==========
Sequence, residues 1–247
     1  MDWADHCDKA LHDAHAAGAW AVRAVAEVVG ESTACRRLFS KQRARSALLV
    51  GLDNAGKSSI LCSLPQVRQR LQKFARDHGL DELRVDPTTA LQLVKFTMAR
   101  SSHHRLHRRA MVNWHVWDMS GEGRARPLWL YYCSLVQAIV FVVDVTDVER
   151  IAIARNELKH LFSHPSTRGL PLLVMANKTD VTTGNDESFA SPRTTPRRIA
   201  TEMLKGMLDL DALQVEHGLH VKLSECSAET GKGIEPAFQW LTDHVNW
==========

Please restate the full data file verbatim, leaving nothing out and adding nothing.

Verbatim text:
Sequence, residues 1–247
     1  MDWADHCDKA LHDAHAAGAW AVRAVAEVVG ESTACRRLFS KQRARSALLV
    51  GLDNAGKSSI LCSLPQVRQR LQKFARDHGL DELRVDPTTA LQLVKFTMAR
   101  SSHHRLHRRA MVNWHVWDMS GEGRARPLWL YYCSLVQAIV FVVDVTDVER
   151  IAIARNELKH LFSHPSTRGL PLLVMANKTD VTTGNDESFA SPRTTPRRIA
   201  TEMLKGMLDL DALQVEHGLH VKLSECSAET GKGIEPAFQW LTDHVNW